When businesses think of digital marketing, search advertising is usually the first option that comes to mind. Well-known brands such as Amazon.com and Best Buy had over 7 billion impressions online in 2013 alone, so it is little wonder this is the case. With a projected search advertising spend for 2015 that is estimated $25 billion, running search advertising campaigns is still one of the best things you can do as a business, but it is important to remember that your users are not always on Google or other search engines. They engage in other online activities such as staying on top of their email, checking their social media for notifications, and watching the latest YouTube video that has gone viral. There are numerous other campaign methods and targeting options you can utilize that extend beyond the realm of search engines. You should use these other forms of online advertising at points of your conversion funnel where you are losing users to guide them back to your website. Below are a few examples of the best online advertising campaigns for the top, middle, and bottom of the conversion funnel.
Advertising to the Top of the Funnel:
The top of the funnel includes a massive amount of users who are wandering the Internet with no particular motive to research or purchase anything. Your business goals at this point in the buying process should center on generating awareness so users start perusing through your content and messaging. For the top of the funnel, you should invest in some form of display advertising because it can reach a large audience that will start to bring users to your website.
A common misconception about display advertisements is that they tend to be banner ads that most users immediately close upon seeing. By looking at the graph above, however, you can see that the proportion of budget spending on banner advertisements is dropping and projected to continually drop through 2018, while spending on video and rich media advertisements will continue to grow. Digital marketers are focusing on these types of advertisements in order to drive engagement stand out from the heavy competition on the internet to gain the attention of users. Below are two examples of innovative campaigns that went outside of the box in terms of typical display advertisements.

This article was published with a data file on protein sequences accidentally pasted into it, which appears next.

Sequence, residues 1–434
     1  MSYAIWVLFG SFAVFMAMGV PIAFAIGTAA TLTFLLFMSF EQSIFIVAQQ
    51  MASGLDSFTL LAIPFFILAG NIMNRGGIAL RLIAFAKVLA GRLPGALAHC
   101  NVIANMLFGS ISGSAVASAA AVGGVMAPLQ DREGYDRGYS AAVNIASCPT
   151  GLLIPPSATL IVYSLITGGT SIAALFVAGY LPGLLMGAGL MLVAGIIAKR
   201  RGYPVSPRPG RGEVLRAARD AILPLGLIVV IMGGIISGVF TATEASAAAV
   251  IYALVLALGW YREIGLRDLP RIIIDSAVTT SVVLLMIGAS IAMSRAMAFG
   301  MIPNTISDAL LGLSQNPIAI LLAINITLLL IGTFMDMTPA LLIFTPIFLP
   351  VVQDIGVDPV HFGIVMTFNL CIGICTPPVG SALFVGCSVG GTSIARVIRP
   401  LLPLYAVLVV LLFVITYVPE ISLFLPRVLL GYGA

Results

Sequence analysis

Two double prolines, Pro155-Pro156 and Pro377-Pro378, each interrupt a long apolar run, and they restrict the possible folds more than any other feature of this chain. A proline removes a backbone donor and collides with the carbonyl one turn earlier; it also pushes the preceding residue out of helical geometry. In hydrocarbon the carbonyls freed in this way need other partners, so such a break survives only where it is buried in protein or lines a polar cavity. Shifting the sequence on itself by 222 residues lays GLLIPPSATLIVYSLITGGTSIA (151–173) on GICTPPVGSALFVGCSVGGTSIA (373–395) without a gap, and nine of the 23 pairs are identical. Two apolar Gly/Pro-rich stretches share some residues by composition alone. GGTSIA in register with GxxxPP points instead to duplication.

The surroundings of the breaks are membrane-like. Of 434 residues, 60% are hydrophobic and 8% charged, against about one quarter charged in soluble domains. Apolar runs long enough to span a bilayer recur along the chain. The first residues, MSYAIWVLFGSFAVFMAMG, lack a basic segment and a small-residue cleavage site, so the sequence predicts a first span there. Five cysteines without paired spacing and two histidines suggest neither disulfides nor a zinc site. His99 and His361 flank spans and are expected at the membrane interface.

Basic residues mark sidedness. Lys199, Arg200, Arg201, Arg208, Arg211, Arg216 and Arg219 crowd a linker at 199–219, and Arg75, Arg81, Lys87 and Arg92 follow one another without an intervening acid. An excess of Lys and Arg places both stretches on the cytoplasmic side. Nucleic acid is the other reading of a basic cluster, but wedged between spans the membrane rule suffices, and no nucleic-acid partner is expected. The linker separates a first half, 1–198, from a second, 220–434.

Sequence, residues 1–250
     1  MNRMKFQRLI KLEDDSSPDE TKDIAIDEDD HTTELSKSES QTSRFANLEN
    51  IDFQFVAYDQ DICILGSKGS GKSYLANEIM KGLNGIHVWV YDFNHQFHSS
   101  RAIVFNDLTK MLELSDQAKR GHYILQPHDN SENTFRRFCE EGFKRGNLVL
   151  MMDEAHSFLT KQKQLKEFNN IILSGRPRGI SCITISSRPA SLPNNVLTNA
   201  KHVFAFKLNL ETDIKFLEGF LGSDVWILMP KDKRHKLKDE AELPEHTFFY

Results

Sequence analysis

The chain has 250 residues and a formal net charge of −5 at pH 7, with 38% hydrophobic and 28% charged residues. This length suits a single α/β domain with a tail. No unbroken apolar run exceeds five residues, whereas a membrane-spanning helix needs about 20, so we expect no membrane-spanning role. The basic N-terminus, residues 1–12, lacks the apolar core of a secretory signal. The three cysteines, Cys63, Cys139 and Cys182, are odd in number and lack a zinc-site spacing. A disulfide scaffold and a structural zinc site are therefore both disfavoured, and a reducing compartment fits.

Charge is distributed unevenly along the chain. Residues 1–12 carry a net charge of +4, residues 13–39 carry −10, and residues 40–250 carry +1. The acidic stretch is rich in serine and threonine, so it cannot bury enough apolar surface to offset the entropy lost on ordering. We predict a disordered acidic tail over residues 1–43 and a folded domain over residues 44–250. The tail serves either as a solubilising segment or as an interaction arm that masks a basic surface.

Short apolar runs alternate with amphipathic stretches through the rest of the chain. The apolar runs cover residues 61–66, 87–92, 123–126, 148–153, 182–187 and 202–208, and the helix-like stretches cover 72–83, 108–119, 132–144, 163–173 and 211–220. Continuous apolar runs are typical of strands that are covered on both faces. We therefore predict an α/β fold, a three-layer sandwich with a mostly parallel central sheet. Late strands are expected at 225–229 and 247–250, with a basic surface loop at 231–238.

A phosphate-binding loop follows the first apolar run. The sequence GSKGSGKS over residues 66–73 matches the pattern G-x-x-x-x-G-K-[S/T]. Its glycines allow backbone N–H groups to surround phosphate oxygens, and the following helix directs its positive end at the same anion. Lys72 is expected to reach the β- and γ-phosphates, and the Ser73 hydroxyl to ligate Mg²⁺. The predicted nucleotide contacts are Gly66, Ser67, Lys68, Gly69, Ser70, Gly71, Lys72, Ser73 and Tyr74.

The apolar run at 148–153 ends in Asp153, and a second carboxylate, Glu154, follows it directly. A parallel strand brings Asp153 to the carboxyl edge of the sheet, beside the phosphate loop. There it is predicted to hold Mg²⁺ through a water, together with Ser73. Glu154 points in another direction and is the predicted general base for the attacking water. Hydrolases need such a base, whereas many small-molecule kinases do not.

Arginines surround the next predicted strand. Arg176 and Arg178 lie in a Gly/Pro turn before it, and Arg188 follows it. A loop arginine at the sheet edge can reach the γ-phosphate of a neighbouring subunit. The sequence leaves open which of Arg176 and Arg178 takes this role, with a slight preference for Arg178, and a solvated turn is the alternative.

Samsung was launching the newest line of their Galaxy Note smartphones and wanted to raise awareness of the product launch in New Zealand. Samsung partnered with a famous New Zealand cartoonist to create a series of advertisements to be displayed on the highly trafficked and locally popular New Zealand Herald website. As New Zealanders would frequent the site and read news articles, the Samsung ads would pop up on the right side of the webpage and a live-action hand would draw a cartoon on the new Galaxy Note with its stylus pen.
The cartoon related to and commented on the news that the users were reading. Samsung wasn't disrupting the user experience on the site - merely enhancing it. By having the cartoons relate to the news articles, Samsung was able to show the capabilities of their product and successfully generate awareness, while staying relevant to the audience of the New Zealand Herald.
IKEA launched a store in Winnipeg, Canada, in 2012 where only 17% of the market population even knew what IKEA was. As a result, their challenge was to spread brand awareness. They started out by identifying the highest volume traffic websites in Winnipeg and placing display advertisements on these sites with homepage take-over banner style advertisements.
Upon entering one of the websites, users would be bombarded with outdated looking spammy banner advertisements. Immediately after these advertisements popped up on the homepage however, IKEA curtains would appear and close over the advertisements. A second later, one of the curtains would open with a simple IKEA greeting. There was no call to action or push towards conversion, and the goal of the messaging was to spread awareness of the new IKEA store in Winnipeg and to encourage users to keep their brand in mind when shopping for curtains in the future.
Advertising to the Middle of the Funnel: